1. Read the title of a newspaper article from RIA Novosti & The Moscow News and say, in your own words, what you think you will learn from the article. Skim the article for gist and say whether your prediction was correct and to what extent (fully, partly or not at all)

Russians saving more – poll

(Part 1) The number of Russians who claim to have money stashed away for a rainy day has hit a 20-year high. More than 70 percent of Russians now have savings, while number of Russians with no savings at all fell to less than 30 percent, a survey conducted by the Romir research center found.

The results mark a shift in the financial behavior of a nation traditionally wary of stashing money in savings accounts, due to a recent history of funds being wiped out overnight in shaky economic times.

Romir attributed the trend to increased economic stability and changes in psychological behavior. The research center said individuals are less likely to complain about their difficult position now than two to six years ago.

“Another positive indicator is a massive shift to maintaining savings in Russian rubles. The ruble really has over the last 10-12 years become the Russian national currency. Sixty percent of survey participants said they keep their savings in rubles only. If we exclude from consideration those who have no savings, you will find that 82 percent of Russians keep their savings only in rubles,” RIA Novosti quoted a specialist from the Romir agency as saying on Monday.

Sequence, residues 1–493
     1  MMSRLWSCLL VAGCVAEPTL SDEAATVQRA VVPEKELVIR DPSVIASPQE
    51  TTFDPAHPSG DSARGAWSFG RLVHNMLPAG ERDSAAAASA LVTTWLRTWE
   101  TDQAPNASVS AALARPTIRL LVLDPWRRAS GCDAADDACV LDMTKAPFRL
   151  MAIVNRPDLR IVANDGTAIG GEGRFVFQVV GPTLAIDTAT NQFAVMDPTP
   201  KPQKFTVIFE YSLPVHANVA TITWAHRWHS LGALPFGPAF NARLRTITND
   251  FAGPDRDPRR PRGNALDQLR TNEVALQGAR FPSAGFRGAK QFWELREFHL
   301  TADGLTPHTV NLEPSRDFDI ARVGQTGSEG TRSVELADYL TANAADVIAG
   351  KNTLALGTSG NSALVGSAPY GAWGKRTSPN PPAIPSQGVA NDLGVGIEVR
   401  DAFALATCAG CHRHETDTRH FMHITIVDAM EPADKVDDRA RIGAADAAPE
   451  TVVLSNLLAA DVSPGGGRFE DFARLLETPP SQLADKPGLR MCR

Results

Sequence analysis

Just over a decade ago, nearly all financial transactions in Russia were carried out in dollars, due to mistrust in a domestic currency marred with instability in the 1990s. (230 words)

(Part 2) The second-most popular saving instrument is a portfolio of rubles and U.S. dollars, favored by 6 percent of respondents.

Only 35 percent of Russians favor the purchase of real estate as a means of saving compared with 50 to 60 percent four to ten years ago, Romir said. It added that saving through property was especially popular among high-income respondents younger than 35 who reside in big cities.

Bank deposits are becoming an increasingly popular form of investment, with 34 percent of respondents keeping savings in accounts, nearly as many as the numbers investing in real estate.

Interest in investing in one’s own business has risen by 50 percent after a decline in the past few years. Investing in stocks has declined and returned to the level of 5 percent registered eight to ten years ago.

The poll was conducted in March 2012 and covered 1,500 urban and rural dwellers aged 18 to 60 across Russia. (155 words)

2. The texts is easily divided into two informative parts. Read Part 1 once more and switch to the summary of this section below. Compare the original text with the summary and identify the differences by answering questions: How are the phrases in the article paraphrased in the summary? What differences in the sentence structures can you identify?

Summary (Part 1):The number of Russians who have savings has increased to a record level for the last 20 years. Over 70 percent of Russians have saving accounts, while the number of Russians without savings fell to less than 30 percent. Another positive trend is to maintain savings in rubles. 60 percent of survey participants stated they keep their savings in rubles only. In contrast, in the 1990s almost all financial transactions in Russia involved dollars as the population did not trust the local money. (80 words)

Read Part 2 of the article and write your own summary of 60 words. In pairs, compare your summaries. Try harmonizing your variants, in other words, improving your summaries by benefiting from your collaboration and using the scoring rubrics.

Date: 2015-12-24; view: 3671